2. I agree--so much of urban fantasy these days has so tamed or turned the monsters into erotic playtoys, that they have no "bite" anymore.

    They've become code for dominant male in such a way that wouldn't be acceptable in normal romance fiction.

  3. Taliesin,

    I heard about that plot device and I could not bring myself to watch that movie. I don't know if I will or not.

    Of course, after I wrote this I found out that "zombies" are appearing in paranormal chick lit books now.


  4. Julie,

    I couldn't agree more. I do have a soft spot for Mary Janice Davidson's books, but at least a lot of the old rules apply to most of the vampires. And Sinclair is not necessarily "nice" for that matter. But a lot of the other books in the genre have taken vampires to a place where I just don't recognize them anymore. Some of the rules have been changed so much, I don't think the word vampire can even apply anymore.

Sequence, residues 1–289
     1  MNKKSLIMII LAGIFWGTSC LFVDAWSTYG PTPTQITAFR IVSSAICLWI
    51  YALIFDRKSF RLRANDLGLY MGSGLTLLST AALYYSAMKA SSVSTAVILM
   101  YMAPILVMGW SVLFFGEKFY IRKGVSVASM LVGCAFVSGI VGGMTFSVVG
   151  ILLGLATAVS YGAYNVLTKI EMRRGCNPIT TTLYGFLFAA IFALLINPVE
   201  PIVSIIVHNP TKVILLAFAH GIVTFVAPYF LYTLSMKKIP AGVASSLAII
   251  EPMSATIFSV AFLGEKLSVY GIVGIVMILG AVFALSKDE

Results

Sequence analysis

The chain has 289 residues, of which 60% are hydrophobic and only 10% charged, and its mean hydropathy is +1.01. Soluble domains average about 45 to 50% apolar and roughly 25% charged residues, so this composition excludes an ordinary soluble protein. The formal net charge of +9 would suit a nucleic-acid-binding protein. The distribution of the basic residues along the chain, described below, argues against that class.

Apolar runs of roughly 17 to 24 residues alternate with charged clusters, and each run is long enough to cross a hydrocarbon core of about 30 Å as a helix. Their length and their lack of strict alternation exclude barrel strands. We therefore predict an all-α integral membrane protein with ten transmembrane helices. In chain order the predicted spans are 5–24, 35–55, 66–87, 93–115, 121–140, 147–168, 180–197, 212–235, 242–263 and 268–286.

As for the dominant male...don't get me started. I like strong men, but some of these books have abusers as heroes.

  5. It's not just the vampires (as you mentioned). Many of the books I've come across on the shelves emphasize the wolf-pack Alpha Male to such a degree that it makes me wonder exactly what fantasies are being expressed. They all make being under the thumb of an abusive male in a patriarchal system inevitable.

    The rare (female) writer will try using that new-old trope by subverting it, but under the wash of many others that revel in the abusive domination (Feehan, looking at you for Vamps) they're singing to the wind.

  6. Julie,

    I'm really bothered by the werewolf alpha male (or shapeshifter) that has become a staple of the genre. I won't read any urban fantasy or paranormal romance with a werewolf in it. They always come across as just...ugh..abusive.

    I do agree with you. Abusive domination has been creeping up on lots of novels of late. I, personally, think the worst offender in the genre is LKH's Anita Blake. Anita should be the villain, her actions are so loathsome.